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Three Hays CISD students have died from suspected fentanyl overdoses in past month, school district says

The school district said that since last May, its high schools have seen additional cases of students overdosing on fentanyl that haven't resulted in deaths.

HAYS COUNTY, Texas — Over the past weekend, a 15-year-old Hays CISD high school student died from a suspected fentanyl overdose in San Marcos, according to Hays CISD. The student was a sophomore. 

The 15-year-old's death marks the third suspected fentanyl overdose death involving a Hays CISD student in the past month, the district said.

In late July and early August, two 17-year-old students died in two separate incidents at their homes in Kyle, Hays CISD said. They would have been seniors in high school. The three students who died attended, or would have attended, Johnson and Lehman High Schools. Their identities were not shared by the school district.

The school district said that since last May, all three Hays CISD high schools have been affected by students who have experienced life-threatening fentanyl overdoses, both on campus and at home. Those incidents didn't result in deaths, the district said. 

“I’m worried. We take all safety and security issues very seriously, but this one is especially concerning. So far – and I am deeply grateful – we haven’t lost a single student to COVID or gun violence on our campuses. Both of these issues have rightfully been pressing matters the past couple of years. We must treat the fentanyl crisis with the same urgency,” said Hays CISD Superintendent Dr. Eric Wright in an email to parents.

Dangerous Fentanyl Pills Appearing in Kyle! Parents and Teens Be Aware - The presence of pills containing deadly...

Posted by Kyle Police Department on Monday, August 15, 2022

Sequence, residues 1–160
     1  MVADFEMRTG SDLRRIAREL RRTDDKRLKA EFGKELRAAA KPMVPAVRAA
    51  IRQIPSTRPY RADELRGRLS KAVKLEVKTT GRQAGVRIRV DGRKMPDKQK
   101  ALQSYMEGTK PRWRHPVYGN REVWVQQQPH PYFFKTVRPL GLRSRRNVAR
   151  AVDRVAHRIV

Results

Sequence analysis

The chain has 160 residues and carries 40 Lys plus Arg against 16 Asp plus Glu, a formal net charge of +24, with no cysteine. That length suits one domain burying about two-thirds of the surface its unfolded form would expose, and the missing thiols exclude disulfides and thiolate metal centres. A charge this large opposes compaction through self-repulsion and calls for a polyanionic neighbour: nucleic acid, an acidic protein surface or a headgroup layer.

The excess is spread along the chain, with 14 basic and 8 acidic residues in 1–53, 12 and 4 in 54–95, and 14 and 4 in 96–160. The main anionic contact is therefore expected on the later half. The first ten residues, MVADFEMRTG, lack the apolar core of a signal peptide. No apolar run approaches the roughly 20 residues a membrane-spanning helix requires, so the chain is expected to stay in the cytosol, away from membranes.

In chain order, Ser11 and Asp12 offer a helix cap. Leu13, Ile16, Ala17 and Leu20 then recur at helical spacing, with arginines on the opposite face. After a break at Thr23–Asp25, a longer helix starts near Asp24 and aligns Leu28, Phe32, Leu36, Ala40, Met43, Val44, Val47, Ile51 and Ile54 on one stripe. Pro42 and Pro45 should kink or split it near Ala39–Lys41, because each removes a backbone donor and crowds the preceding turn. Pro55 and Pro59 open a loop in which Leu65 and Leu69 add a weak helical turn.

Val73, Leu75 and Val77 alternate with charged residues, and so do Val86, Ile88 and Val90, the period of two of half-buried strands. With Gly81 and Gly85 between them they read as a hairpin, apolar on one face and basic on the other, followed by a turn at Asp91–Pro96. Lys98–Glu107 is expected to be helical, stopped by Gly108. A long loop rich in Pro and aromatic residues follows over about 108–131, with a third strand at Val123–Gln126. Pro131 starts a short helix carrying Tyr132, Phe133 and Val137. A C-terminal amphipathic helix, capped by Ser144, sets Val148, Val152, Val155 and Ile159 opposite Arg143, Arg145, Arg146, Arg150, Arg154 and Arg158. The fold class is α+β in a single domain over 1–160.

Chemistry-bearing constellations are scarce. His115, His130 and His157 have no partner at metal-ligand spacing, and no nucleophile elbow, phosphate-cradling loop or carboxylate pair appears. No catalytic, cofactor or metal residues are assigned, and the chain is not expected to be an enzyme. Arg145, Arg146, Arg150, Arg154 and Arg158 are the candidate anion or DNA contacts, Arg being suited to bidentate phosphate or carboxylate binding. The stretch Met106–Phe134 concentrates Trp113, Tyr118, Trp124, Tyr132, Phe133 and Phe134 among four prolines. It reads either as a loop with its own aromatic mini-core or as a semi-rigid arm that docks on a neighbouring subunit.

The Kyle Police Department and Hays CISD alerted parents of fentanyl dangers last week before the start of the new school year. KPD shared a Facebook post, reshared by Hays CISD in a back-to-school email, showing photographs of one type of counterfeit pill believed to have caused many of the recent fentanyl incidents in the Kyle area. 

“Kyle PD has responded to at least 16 related overdoses with 7 of those resulting in death in 2022. Many of these overdoses, including some deaths, are teenagers ranging from 14-18 years old. Parents - please talk to your children about the dangers of taking any pills that are not prescribed to them by a doctor,” said KPD Chief Jeff Barnett in the post. 

Hays CISD officials and Kyle police addressed the media about these incidents Wednesday morning. They urged parents to talk to their kids about the dangers of taking any pills at school or off campus.

District officials said counterfeit pills have threatened the lives of multiple students. 

Jeri Skrocki, the Hays CISD head of district safety and security, said school resource officers and student clinics have Narcan available to treat overdoses. Hays County medics said they carry more Narcan because fentanyl is so strong.

Skrocki said the district is working with police and medics to raise awareness to prevent more of these tragedies.

"We really try to get these children, our students, to understand the risks, the dangers and the warning signs and really what they can do if they experience it, what options are available for them," Skrocki said.

Barnett said kids should be wary of any sort of pills not prescribed by a doctor. He said this issue has really shaken the community. 

"It is heart-wrenching to see these parents in agony in the front yard of their own home where they've just discovered their teenager deceased in a bedroom. It's heart-wrenching," Barnett said.

Jim Swisher, the assistant chief of San Marcos-Hays County EMS said that to fight this problem, they need the community to step up.

"The fix to the problem, it's not all the stuff that we can do on the top side. Some is going to have to come from the kids making a conscious decision or moral decision to get involved with their friends and deter their friends," Swisher said.

Watch that full briefing below: 

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